Is creatine worth taking?ken
Creatine: Thumbs Up or Down?
We’ve covered a lot of creatine topics in this series and have finally come to the end. Here, we’ll take a look back and summarize all the areas in which creatine is potentially helpful and give a final recommendation on whether or not it’s worth taking.
One of creatine’s most popular benefits is improving strength. In this article, we found that the vast majority of evidence supports creatine use for strength gains. Two meta-analyses looking at over 1,300 subjects found creatine caused significant improvements in strength.
Read more: Does creatine make you stronger?
While creatine does improve strength, its effect on cardio is less clear cut. There is however, a good deal of research looking into whether creatine improves performance in aerobic activities. Some of the research did show improved running performance, however, there was also evidence to suggest creatine did not improve cardiovascular performance. If you’re trying to improve aerobic activities, creatine is probably not the best supplement to use.
Read more: Does creatine improve cardio?
While creatine does not appear to improve endurance activities, sprints force the body to utilize an energy system which is aided by higher creatine levels. Unfortunately, the research we reviewed here was also somewhat negative on creatine use to improve sprinting performance. There was one study showing improved performance in longer and repeated sprints. Researchers believe weight gain caused by the supplement may have counteracted any performance gains.
Read more: Does creatine help with sprints?
The studies we reviewed on creatine use for high intensity interval training were not positive. Neither of the two studies found any performance gains in those taking the supplement while engaged in HIIT. The only positive was an increase ventilatory threshold in creatine users. This can be a sign of increased exercise capacity. Still, creatine did not seem to significantly increase performance in high intensity activities.
Read more: Does creatine help with HIIT?
This was another bright spot for creatine use. All four studies we looked at showed a significant increase in muscle mass with creatine use.
Read more: Can creatine help me gain muscle?
Decrease Body Fat
The research on this claim was somewhat mixed. While creatine definitely increases muscle mass, it might not directly lead to body fat reductions. Still, creatine increases strength and muscle mass, which may also indirectly lead to body fat reductions.
Read more: Does creatine decrease body fat?
Decrease Muscle Damage
A supplement that decreases muscle damage has the potential to improve post-workout recovery and increase performance. On this claim, the research was again mixed.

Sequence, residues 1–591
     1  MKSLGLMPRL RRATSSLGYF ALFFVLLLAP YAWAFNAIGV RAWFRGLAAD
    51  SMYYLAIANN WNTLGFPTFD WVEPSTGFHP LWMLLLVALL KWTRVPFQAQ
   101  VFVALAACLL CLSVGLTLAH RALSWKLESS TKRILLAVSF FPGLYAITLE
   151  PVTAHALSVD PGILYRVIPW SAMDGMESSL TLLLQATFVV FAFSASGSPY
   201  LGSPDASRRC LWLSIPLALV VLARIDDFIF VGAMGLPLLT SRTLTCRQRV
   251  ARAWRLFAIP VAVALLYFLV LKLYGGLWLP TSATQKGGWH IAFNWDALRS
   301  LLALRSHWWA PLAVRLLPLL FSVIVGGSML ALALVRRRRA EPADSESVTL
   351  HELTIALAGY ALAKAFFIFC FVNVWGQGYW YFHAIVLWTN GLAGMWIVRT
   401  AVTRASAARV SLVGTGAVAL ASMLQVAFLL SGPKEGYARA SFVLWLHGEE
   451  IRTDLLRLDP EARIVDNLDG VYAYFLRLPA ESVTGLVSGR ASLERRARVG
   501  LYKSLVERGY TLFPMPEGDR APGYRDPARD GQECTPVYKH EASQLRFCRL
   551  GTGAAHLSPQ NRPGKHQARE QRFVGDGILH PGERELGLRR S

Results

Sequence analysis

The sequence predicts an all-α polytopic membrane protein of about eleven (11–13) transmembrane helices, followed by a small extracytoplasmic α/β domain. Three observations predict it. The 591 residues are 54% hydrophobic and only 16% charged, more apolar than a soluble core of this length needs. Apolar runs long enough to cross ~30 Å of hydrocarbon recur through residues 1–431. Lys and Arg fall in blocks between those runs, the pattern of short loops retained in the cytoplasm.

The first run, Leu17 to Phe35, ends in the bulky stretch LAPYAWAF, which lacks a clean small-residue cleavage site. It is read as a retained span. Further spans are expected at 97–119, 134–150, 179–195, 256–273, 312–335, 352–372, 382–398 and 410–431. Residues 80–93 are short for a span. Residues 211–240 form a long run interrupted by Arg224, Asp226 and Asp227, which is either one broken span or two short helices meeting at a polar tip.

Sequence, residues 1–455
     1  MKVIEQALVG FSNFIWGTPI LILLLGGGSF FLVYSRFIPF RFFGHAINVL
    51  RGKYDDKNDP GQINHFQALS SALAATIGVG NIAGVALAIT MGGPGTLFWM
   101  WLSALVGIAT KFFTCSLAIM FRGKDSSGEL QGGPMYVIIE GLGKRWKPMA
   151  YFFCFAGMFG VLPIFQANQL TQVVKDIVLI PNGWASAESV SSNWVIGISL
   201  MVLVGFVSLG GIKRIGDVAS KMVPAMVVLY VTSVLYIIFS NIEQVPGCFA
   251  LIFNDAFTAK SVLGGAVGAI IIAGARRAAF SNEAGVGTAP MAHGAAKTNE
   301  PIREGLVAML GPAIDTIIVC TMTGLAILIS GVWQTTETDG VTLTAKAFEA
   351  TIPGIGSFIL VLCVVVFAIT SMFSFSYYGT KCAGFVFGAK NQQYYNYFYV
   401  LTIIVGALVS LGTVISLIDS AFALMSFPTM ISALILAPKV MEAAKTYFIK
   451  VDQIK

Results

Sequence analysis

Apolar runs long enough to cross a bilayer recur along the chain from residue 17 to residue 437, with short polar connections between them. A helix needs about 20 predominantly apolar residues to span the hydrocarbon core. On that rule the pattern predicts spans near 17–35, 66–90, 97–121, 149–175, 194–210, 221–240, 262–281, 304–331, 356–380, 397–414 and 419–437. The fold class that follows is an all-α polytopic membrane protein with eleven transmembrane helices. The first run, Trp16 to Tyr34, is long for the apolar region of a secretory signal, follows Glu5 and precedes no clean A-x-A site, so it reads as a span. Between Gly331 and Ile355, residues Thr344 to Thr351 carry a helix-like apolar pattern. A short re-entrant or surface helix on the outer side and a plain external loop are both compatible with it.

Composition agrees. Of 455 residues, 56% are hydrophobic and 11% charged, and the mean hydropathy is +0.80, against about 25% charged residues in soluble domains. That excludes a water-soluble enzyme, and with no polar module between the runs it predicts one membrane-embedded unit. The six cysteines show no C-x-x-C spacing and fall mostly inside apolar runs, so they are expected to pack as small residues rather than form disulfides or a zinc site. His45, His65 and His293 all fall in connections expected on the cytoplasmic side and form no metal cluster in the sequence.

Read more: Does creatine decrease muscle damage?
A better measure to look at than muscle damage is whether or not a supplement improves recovery. Both of the studies we looked at on recovery showed that creatine was effective. Creatine use has the potential to speed up recovery and improve the healing process in some sports related injuries.
Creatine loading describes the process of starting off with a “loading” dose of creatine for about a week, followed by a decreased “maintenance” dose thereafter. It’s a popular dosing strategy that is unnecessary and wasteful. There are plenty of studies showing low doses of creatine work just as good as higher doses without some of the negative side effects. Loading creatine at 20 grams per day for a week is unnecessary. The evidence suggests starting off with 2-5 grams per day from the start yields the same positive benefits.
Read more: Is creatine loading necessary?
Creatine cycling is the process of using creatine for a given number of weeks followed by a break. Creatine is not a steroid! There are long term studies on creatine’s health effects. Two of the studies we looked at tracked athletes taking creatine for five years and did not find any negative issues. The International Society of Sports Nutrition stance says creatine use of 30 grams per day for as long as 5 years does not have any detrimental effects on healthy individuals. On and off creatine use is unnecessary.
The Bottom Line
Creatine is a somewhat rare supplement in that there is plenty of evidence that backs its use. It improves strength, enhances recovery, and increases muscle mass. It does not however, work on every activity. The evidence on creatine use to improve aerobic activity, high intensity exercise, sprints, and decrease body fat is at best, mixed.
There are various forms of creatine on the market. Creatine monohydrate is the cheapest, easiest to get, most widely studied, and arguably, most effective. Other forms are much more expensive and largely untested.
Effective creatine doses range from 2 to 30 grams per day. When using this supplement, start with a smaller dose as it may be just as effective as larger doses. Creatine can cause unwanted weight gain and gastrointestinal discomfort; avoid taking it right before exercise. Creatine has been shown to be safe and effective for upwards of five years; cycling it on and off is not necessary.